Government’s new rules for social media, OTT platforms give it power to take down content
The government on Thursday notified new rules for social media and Over the Top (OTT) platforms ostensibly to provide a level playing field to media platforms cutting across print, television and digital platforms, while adding that digital platforms doing business in India would have to follow the law of the land.
Referring to the new rules as the government’s ‘soft touch oversight mechanism’, Union ministers Prakash Javadekar and Ravi Shankar Prasad said while they were happy to see social media platforms empowering ordinary users – WhatsApp has over 53 crore users, YouTube 44.5 crore, Facebook 41 crore, Instagram 21 crore, and Twitter has 1.75 crore users – the rules are in response to scores of complaints against online content and the demand, as a result, for accountability against its “misuse and abuse”.
Government also said it will soon categorise social media into two categories; social media (SM) and significant social media (SSM), based on their subscription numbers.
Once categorisation is completed, SSM platforms will be given three months in which to set up a robust grievance redressal mechanism, along with publishing the name of the nodal officer who will ensure that complaints are registered within 24 hours and disposed within 15 days. The rules also mandate that in case of complaints about digital content hurting the dignity of users, especially, women, platforms will have to take down content in 24 hours.
In addition to this, the Rules mandate that SSM platforms must appoint a chief complaint officer residing in India, a Nodal contact also residing in India and a resident grievance officer. SSM platforms are also required to publish monthly compliance reports.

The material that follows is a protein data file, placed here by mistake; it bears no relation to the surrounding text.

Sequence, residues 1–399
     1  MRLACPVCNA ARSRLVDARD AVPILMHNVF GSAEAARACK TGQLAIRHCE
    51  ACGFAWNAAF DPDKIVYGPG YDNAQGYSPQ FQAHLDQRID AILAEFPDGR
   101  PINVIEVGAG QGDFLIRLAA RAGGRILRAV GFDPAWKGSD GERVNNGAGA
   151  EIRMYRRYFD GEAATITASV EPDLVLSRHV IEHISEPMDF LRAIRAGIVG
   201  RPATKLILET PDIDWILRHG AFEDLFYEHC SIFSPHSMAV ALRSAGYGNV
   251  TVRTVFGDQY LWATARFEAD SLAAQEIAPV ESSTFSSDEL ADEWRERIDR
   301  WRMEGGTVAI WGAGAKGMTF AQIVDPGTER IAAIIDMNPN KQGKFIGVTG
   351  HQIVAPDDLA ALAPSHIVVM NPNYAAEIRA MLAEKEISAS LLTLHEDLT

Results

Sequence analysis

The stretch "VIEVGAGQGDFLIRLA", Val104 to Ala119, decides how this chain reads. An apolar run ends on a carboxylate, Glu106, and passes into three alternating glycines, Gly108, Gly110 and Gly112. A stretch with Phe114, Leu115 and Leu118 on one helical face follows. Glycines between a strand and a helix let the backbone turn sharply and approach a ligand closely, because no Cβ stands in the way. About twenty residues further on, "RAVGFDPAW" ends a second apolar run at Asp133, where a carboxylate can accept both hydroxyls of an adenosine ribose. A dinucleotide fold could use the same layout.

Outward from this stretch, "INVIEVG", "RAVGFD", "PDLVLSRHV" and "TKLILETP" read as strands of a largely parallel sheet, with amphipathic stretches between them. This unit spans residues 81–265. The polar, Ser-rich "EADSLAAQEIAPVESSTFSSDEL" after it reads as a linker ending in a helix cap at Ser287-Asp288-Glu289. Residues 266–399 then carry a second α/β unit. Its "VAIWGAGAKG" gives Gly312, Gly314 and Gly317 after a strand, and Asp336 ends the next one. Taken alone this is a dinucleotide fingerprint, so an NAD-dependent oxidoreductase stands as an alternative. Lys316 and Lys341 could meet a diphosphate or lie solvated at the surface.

Even as the government insisted the proposed framework is “progressive, liberal and contemporaneous”, it insisted that SSM platforms will be required, on government or court orders, to remove unlawful content in 36 hours even as they must disclose information regarding the “first originator” or the source of the offensive content in 72 hours, a demand that social media companies like Whatsapp have said runs foul of their end-to-end encryption mechanism. Union IT minister Ravi Shankar Prasad, however, said the rule would apply to content that challenged the sovereignty of India, or was in contravention of security, integrity of the country, and where the crimes are liable for jail terms of 5 years or more.
In cases where the SSM platforms remove content on their own, or disable a user’s access to a platform, they will also be required to furnish reasons for the same, apart from hearing out the violator
The Information Technology (Intermediary Guidelines and Digital Media Ethics Code) Rules 2021, which Prasad said were framed under the existing Information Technology Act, 2000 will also have a Code of Ethics and procedure and safeguards in relation to digital media, which shall be administered by the I&B ministry.
Explaining the rationale behind the rules, Union I&B minister Prakash Javadekar said that while regulatory mechanisms were in place for print and digital media, digital media had remained an unregulated space. “All media must have the same justice systems,” he said. The minister also said he had held deliberations with stakeholders in Delhi, Chennai and Mumbai, seeking self-regulation by digital platforms, but when they could not be implemented, the government decided to step in and set up an institutional mechanism for media.
Under the new rules, Javadekar said OTT and Digital media will be required to disclose information about where they publish, the nature of the content they share as well as the size of their subscriber data. They will also be required to set up a grievance redressal mechanism.
For regulation of OTT platforms, the government mandated that a self-regulation body, headed by the retired judge or an eminent person, should be set up. A separate oversight mechanism, as a third tier, has also been proposed, Javadekar said.